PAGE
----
They say that ducks are the “new chickens” – it seems backyard farmers all over the country are beginning to enjoy the pleasure of keeping ducks. Our ducks are all different breeds because I enjoy variety and I like being able to tell them apart….and because there are so many great breeds I couldn’t choose just one!
Before I kept ducks, like most people, when I pictured a duck the first thing that came to my mind was a large white duck with an orange bill – maybe one who tries to sell me insurance in case I get hurt. The next duck I thought of was the classic green headed Mallard that graces nearly every pond in the Northern Hemisphere.
That was pretty much the extent of my duck breed knowledge. The large, white Pekin duck is the most popular domestic duck breed around (commonly now recognized as the “Aflac” duck). The Mallard is thought to be the breed that nearly every domestic breed of duck is derived from so you will recognize their traits in many domestic breeds. While Pekins and Mallards are awesome, there are tons of other amazing duck breed available, many of whom are on the endangered list, and would love to find a home in your yard.
If you are thinking about adding some ducks to your life, check out some of these popular duck breeds!
Let’s start at the beginning….
Mallard – native to most countries in the Northern Hemisphere, Mallards are thought to be the “father” of all domesticated ducks except for Muscovy. Mallards are small, making them capable of flight. They don’t tolerate confinement very well, so if you keep Mallards you risk them flying away and not returning unless you can provide a nice large covered enclosure. Mallards lay a beautiful greenish egg, are highly energetic and talkative. They have one of the lowest egg laying rates of the domesticated breeds, laying just a couple eggs per week.
Wild Mallards are widely hunted and removing birds from the wild to raise in captivity is a big no no with US Fish & Wildlife. Keeping Mallards, you need to mark them to show you have not “duck-napped” them. Metzer Farm, one of the biggest duck breeders in the country, removes the back toe as soon as they hatch to permanently mark that duck as domestically bred. Male ducks have a glossy green head with a white ring around their neck and grey on their wings and belly, while the females are mainly brown-speckled with a blue band on their wing called speculum feathers. Most people that keep Mallards do so for purely decorative reasons, or for training hunting dogs.
Pekin – Beautiful all white feathers on a heavy, large size bird. Pekins are popular because they are dual purpose. Hens lay a large number of white eggs so they are great to keep as layers. Their fast growth rate & light colored skin also make them excellent to raise as meat birds. Around 90% of the duck meat produced in America comes from Pekins. A heavy weight bird with a calm, friendly, curious disposition, lots of eggs and meat if you want it – Pekins are a great all around choice.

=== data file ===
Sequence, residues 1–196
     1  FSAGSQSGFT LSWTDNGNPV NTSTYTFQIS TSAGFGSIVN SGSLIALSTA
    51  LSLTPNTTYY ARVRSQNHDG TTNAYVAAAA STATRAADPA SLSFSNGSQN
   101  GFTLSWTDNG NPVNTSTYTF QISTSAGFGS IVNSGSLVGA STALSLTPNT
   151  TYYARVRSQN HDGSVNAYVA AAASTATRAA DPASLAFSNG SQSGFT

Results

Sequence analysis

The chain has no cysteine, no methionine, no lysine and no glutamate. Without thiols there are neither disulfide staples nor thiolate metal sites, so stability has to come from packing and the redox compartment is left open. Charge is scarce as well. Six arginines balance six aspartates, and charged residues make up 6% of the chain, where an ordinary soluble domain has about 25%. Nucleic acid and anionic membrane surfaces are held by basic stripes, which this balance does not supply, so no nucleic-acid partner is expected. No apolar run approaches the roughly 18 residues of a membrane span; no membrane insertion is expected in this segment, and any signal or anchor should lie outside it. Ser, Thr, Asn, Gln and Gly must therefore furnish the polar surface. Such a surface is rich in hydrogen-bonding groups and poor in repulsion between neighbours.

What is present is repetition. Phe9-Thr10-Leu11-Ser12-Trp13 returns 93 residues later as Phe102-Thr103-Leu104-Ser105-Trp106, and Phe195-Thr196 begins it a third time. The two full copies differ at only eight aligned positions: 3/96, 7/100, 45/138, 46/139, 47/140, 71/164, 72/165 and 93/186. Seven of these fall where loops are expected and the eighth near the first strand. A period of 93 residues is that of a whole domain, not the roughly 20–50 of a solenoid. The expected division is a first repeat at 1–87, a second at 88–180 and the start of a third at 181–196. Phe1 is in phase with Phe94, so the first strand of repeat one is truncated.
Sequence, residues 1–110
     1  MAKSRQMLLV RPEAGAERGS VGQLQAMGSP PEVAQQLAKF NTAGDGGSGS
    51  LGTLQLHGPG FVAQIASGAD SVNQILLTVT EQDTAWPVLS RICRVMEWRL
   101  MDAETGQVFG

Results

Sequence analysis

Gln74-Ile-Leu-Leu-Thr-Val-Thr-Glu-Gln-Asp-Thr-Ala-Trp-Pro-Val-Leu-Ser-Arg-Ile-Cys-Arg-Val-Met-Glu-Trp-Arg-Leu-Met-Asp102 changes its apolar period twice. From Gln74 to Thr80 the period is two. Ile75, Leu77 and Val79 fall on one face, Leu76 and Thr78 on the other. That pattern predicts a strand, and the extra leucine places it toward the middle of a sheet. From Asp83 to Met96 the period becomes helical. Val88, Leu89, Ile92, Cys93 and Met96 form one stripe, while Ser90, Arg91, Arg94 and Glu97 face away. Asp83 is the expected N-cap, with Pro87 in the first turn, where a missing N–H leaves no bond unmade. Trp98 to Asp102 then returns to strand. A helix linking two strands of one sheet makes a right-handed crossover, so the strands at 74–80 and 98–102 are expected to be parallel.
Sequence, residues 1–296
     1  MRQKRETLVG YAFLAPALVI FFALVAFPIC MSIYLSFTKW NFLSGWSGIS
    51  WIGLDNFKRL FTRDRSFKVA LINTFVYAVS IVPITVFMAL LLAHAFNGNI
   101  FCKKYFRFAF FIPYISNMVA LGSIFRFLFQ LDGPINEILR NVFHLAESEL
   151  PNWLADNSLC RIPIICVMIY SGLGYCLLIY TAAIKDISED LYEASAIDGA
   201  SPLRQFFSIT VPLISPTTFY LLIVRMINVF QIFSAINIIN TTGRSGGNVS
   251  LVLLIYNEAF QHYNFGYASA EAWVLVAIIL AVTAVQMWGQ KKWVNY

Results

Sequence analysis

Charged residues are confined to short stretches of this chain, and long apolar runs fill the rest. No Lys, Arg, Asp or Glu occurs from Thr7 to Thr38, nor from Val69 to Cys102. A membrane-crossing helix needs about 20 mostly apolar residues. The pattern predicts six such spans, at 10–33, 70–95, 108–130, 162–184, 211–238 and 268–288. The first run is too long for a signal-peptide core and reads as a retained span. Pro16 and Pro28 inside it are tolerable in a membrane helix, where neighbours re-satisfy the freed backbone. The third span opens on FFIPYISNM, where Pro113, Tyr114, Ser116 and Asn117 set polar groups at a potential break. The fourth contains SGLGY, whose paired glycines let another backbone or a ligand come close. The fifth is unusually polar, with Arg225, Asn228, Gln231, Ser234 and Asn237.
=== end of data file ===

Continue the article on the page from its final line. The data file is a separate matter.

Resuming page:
Muscovy – A really interesting bird native to the southern hemisphere. Commonly referred to as a duck, Muscovies in fact are a different species than the Mallard duck relatives. Their meat is leaner than duck meat with a plump breast like a turkey. They nest like ducks do, but also like to roost at night like chickens. They are shaped like a duck, and are able to mate with a duck, but the offspring will be sterile and are often referred to as a mule duck. They do not quack; the male has a low breathy call, and the hen a quiet coo which makes them perfect for backyard farmers with close neighbors. The male has large red fleshy growths around his eyes called caruncles. Most domesticated Muscovys are dark brown or black & white.
Cayuga – The only duck breed developed in the United States, Cayugas originated near Cayuga Lake in New York. They are a medium heavy breed that is slow growing. Cayugas have gorgeous black iridescent feathers that can look green in certain light, black bills and black feet (laying females and older birds sometimes have a bit of orange in their feet). They are usually raised for exhibition or eggs and their calm disposition make them a great choice for backyard flocks. Hens generally lay 3-4 eggs per week and have a charcoal or gray/black colored shell early in the laying season. Mid-late season eggs & eggs from older birds are usually very light gray. Cayugas are listed as threatened status by the Livestock Conservatory.
Buff Orpington – Buffs originated in the Orpington area of Kent, England in the early 1900s (by William Cook, the same man that gave us the popular Buff Orpington chicken). A medium size duck, originally bred as an egg laying breed, you can expect an average of 3-5 white to light brown eggs per week. They have lovely fawn buff feathers with a brownish orange bill and a sweet personality. Buff Orpingtons are listed as threatened.
Rouen – A wonderful multi purpose duck. A large bird who will lay 3-5 bluish tinted eggs per week. Rouens are a popular alternative to Mallards because they are nearly identical, but much larger so most are too heavy to fly away. The males have a glossy green head with white neck ring and a grey body. The females brown speckled with blue speculum feathers. Their calm disposition also makes them wonderful pets or additions to your backyard farm.